New Year's, What to do when your kids call each other fat, and much more.
I have such complicated feelings about Chick Fil A. There's one near my stepsons' house and it is by far my kids' favorite fast food place, it has a really nice variety and it's actually good quality (my kids eat the whole entire fruit cup, I get a kale salad thing, we all split a few orders of fries with our chicken). There's a play place!! Remember play places in Mcdonalds? what even happened to those? we can go get lunch and then I can just read my book for 30 minutes while my kids run it off.
But, like. The politics. Ugh.
The reality is, I hate the politics of most fast food places and most large corporations. There's a big headline now about McDonalds and Chipotle and other beloved places in my family, spending millions on lobbying to keep wages suppressed. Wage theft, wage suppression, etc. These companies directly abuse their individual employees and are a cancer on our whole political system in general and I feel pretty much just as strongly (ie VERY STRONGLY) about that as I do about the civil rights of non-heterosexual, non-cisgendered people. My older stepson is working age in high school and he told me that Chick Fil A is one of the more coveted jobs among his friend group, because they tend to pay better than most equivalent places. It is all just shitty and sucky to try to weigh how many different ways people are being exploited, and try to factor that into our freaking dinner plans when the kids are hangry and the day is long. Like can I just buy my kid some fries, please.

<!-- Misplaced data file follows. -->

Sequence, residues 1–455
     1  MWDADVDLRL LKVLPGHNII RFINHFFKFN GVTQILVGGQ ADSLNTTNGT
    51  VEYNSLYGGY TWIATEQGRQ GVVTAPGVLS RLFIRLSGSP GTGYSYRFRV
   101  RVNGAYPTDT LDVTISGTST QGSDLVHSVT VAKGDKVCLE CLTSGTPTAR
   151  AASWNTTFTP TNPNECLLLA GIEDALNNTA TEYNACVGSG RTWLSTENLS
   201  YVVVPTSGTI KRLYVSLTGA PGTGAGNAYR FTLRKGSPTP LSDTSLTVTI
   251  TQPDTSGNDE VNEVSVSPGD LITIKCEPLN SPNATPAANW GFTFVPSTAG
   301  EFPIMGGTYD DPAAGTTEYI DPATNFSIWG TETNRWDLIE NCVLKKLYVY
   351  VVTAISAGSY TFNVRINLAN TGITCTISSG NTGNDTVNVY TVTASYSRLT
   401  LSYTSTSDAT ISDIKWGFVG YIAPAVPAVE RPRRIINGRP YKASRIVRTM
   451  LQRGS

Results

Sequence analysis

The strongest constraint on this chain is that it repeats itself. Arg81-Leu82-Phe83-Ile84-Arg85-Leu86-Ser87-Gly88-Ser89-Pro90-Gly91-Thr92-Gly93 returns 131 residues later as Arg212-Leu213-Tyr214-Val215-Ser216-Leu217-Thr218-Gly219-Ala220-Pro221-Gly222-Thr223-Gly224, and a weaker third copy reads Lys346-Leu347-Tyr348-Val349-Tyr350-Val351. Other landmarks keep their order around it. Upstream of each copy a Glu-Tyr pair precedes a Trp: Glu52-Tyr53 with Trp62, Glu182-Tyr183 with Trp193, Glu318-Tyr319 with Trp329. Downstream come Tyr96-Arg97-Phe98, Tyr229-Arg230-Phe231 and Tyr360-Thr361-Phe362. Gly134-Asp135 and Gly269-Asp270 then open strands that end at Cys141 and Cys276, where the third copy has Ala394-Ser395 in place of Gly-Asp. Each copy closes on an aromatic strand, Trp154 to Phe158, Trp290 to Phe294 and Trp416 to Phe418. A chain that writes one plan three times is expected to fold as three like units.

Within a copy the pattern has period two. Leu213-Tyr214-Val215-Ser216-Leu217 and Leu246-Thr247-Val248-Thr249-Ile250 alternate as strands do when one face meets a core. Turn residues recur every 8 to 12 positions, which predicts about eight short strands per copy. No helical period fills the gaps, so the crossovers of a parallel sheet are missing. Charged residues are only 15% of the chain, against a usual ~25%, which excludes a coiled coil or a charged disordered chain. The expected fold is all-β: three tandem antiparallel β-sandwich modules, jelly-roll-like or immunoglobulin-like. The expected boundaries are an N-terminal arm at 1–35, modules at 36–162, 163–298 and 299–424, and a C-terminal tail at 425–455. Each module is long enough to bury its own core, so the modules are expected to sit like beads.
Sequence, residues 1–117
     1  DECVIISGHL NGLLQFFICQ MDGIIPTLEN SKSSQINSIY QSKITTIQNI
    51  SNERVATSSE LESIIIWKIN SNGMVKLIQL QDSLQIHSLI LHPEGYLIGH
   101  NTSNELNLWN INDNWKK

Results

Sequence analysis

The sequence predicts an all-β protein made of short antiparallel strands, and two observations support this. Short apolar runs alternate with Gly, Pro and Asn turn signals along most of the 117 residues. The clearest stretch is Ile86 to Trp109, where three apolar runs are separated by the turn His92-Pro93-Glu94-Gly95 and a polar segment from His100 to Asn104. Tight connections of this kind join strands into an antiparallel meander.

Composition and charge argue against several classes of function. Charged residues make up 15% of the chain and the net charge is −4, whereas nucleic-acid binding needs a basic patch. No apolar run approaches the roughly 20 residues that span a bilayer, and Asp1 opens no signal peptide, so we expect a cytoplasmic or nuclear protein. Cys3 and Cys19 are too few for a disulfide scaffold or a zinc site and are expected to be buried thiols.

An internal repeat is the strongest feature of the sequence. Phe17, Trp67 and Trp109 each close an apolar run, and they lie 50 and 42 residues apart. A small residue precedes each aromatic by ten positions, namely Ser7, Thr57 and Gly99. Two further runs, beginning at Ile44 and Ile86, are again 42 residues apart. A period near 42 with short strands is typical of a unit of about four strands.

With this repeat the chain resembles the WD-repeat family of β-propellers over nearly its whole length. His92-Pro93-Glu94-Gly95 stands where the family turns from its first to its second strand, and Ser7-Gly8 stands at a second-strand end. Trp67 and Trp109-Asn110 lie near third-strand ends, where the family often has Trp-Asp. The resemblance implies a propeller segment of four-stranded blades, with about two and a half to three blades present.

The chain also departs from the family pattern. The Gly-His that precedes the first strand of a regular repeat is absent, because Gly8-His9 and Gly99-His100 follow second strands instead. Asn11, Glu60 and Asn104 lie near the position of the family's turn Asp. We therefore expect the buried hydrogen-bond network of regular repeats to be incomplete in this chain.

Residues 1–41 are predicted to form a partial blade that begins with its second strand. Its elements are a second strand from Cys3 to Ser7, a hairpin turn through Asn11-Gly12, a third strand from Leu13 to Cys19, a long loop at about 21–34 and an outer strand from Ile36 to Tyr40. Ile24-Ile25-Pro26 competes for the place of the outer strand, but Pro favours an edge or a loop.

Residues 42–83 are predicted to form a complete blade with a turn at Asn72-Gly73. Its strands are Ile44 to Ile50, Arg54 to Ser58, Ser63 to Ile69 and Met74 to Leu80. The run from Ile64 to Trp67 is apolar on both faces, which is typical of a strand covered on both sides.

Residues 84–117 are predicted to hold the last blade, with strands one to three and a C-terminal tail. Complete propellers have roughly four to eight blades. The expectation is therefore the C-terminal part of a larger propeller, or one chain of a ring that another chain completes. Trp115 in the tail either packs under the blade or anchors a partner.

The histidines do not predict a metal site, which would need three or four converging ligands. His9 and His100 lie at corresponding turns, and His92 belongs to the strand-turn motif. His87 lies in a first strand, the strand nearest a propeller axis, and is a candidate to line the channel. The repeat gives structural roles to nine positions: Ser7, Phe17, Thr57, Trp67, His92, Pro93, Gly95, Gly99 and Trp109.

I get to where I come with most of this stuff, which is basically the "there is no ethical consumption under capitalism" place. I'm not going to be like "sorry kids, you can't have strawberries and mandarins with your nuggets and fries, because this one restaurant oppresses people in more ways than that also-oppressive restaurant does." It feels a bit like choosing between Walmart and Amazon. Like, neither of these choices is so much more or less ethical than the other that it makes sense to sacrifice some quality of life over it. We are big fans of acting like ethics are just individual choices, aka individual personal sacrifices, whereas the system itself is just inherently unethical because DUH CAPITALISM! But it just feels bad all around and I really hate it.